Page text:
Research ArticleIMMUNOLOGY

Broad and diverse mechanisms used by deubiquitinase family members in regulating the type I interferon signaling pathway during antiviral responses

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Science Advances  02 May 2018:
Vol. 4, no. 5, eaar2824
DOI: 10.1126/sciadv.aar2824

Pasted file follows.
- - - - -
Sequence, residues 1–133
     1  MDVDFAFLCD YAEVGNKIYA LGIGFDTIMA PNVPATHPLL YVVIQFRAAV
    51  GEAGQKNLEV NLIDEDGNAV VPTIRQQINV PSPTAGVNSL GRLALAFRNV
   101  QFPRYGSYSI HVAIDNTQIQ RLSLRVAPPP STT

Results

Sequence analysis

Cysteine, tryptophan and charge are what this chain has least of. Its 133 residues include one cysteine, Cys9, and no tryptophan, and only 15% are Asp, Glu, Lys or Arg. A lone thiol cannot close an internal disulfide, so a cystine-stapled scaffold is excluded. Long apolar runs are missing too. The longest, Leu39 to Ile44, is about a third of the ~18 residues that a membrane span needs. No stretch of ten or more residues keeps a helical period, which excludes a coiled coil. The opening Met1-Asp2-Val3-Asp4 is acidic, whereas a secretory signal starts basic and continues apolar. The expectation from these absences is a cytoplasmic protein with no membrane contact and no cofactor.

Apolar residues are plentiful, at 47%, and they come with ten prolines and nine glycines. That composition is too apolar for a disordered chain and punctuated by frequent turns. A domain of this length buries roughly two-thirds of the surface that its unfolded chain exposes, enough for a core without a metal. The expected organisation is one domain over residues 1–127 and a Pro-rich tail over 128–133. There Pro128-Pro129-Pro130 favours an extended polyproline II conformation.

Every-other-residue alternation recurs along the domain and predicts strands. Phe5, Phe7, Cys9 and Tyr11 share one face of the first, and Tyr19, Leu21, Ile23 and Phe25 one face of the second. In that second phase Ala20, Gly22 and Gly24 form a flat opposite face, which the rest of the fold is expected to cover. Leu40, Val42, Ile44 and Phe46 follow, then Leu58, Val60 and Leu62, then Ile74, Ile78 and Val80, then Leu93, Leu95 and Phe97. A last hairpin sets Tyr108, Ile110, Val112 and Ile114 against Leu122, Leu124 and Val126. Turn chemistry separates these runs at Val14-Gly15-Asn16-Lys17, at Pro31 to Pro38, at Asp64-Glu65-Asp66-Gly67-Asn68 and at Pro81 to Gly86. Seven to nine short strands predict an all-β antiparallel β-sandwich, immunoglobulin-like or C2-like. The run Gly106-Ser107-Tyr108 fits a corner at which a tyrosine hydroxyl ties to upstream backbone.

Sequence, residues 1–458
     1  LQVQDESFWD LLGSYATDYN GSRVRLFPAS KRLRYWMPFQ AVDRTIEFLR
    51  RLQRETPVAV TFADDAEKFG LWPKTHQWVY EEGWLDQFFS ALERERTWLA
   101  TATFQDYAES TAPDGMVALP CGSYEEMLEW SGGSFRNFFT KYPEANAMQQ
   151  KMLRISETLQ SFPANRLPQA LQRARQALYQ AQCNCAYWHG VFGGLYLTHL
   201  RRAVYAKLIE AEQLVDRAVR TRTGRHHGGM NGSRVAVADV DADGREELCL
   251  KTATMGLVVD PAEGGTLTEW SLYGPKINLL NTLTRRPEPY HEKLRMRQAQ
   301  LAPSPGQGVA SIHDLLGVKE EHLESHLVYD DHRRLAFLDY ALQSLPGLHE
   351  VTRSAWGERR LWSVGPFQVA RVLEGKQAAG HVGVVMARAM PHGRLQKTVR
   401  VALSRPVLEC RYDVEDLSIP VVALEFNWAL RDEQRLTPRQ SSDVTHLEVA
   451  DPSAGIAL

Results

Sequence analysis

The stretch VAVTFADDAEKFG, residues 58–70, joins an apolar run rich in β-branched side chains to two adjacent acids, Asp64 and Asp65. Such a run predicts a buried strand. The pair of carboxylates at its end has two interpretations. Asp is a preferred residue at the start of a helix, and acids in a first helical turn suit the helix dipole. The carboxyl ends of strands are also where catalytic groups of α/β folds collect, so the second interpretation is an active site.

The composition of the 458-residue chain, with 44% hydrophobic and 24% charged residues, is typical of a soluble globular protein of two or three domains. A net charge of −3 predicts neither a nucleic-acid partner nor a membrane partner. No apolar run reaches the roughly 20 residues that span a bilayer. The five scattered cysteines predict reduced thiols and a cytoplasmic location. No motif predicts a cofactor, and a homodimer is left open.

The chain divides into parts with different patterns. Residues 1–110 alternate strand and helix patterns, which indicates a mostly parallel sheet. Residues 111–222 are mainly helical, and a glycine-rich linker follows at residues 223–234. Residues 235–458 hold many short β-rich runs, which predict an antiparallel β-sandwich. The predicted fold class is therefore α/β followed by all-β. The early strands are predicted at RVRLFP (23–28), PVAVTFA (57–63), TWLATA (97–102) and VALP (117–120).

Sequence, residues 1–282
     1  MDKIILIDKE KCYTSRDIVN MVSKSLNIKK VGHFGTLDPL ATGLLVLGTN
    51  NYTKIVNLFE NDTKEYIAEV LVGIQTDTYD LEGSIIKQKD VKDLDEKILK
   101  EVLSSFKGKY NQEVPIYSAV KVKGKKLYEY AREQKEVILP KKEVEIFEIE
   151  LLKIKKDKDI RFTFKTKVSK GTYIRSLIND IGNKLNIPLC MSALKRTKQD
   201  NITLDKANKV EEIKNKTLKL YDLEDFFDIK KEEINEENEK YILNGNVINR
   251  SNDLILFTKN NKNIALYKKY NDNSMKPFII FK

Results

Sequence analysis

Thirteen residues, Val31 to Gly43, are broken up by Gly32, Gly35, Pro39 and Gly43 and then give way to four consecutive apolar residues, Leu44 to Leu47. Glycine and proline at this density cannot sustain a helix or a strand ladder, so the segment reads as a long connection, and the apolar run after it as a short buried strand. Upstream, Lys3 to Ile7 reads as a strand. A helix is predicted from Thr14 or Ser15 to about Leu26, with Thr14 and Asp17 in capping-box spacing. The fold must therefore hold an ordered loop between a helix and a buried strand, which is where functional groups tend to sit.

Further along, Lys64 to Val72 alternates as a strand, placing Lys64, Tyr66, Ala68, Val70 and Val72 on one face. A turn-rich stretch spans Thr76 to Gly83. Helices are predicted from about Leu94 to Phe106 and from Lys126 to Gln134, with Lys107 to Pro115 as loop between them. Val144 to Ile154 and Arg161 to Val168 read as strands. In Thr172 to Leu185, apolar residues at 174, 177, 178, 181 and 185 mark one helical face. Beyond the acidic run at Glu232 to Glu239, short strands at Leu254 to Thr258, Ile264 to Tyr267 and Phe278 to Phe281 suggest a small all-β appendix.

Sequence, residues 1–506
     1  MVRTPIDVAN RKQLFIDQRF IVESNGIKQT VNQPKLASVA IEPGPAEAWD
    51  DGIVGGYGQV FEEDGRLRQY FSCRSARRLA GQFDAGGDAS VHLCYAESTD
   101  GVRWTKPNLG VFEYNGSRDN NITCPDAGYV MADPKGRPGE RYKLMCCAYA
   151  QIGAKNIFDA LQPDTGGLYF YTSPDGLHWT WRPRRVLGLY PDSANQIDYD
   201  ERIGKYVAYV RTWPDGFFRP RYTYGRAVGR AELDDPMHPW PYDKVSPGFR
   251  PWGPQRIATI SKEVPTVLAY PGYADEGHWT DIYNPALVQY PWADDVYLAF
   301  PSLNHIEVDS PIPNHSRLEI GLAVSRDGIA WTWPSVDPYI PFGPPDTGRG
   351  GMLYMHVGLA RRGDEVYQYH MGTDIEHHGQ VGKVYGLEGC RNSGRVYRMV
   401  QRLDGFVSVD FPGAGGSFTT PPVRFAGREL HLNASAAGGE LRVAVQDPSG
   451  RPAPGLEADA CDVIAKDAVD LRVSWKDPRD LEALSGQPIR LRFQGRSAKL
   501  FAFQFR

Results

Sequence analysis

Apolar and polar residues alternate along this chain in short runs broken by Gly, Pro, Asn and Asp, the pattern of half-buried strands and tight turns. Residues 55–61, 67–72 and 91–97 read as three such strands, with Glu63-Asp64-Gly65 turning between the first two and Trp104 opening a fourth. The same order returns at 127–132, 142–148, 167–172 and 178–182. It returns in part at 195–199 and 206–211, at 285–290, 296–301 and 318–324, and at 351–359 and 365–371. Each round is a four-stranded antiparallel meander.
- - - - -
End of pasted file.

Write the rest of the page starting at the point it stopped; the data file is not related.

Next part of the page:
The innate immune response conferred by type I interferons is essential for host defense against viral infection but needs to be tightly controlled to avoid immunopathology. We performed a systematic functional screening by CRISPR/Cas9 (clustered regularly interspaced short palindromic repeats/CRISPR-associated protein 9) knockout and overexpression to investigate the roles of the deubiquitinating enzyme (DUB) family in regulating antiviral immunity. We demonstrated that the expression of a large fraction of DUBs underwent complex temporal alteration, suggesting a dynamic program of feedback regulation. Moreover, we identified previously unrecognized roles of a subset of DUBs, including USP5, USP14, USP22, USP48, USP52, COPS5, and BRCC3, in inhibiting antiviral immunity at various levels. We explored an unexpected mechanism where multiple DUBs, such as USP5 and USP22, form diverse signalosomes with E3 ligases or DUBs to alter the substrates’ ubiquitination state instead of directly cleaving the ubiquitin chains on substrates via their protease activity. Altogether, our study has revealed a panoramic view of the broad and dynamic involvement of DUB family proteins in regulating antiviral responses.

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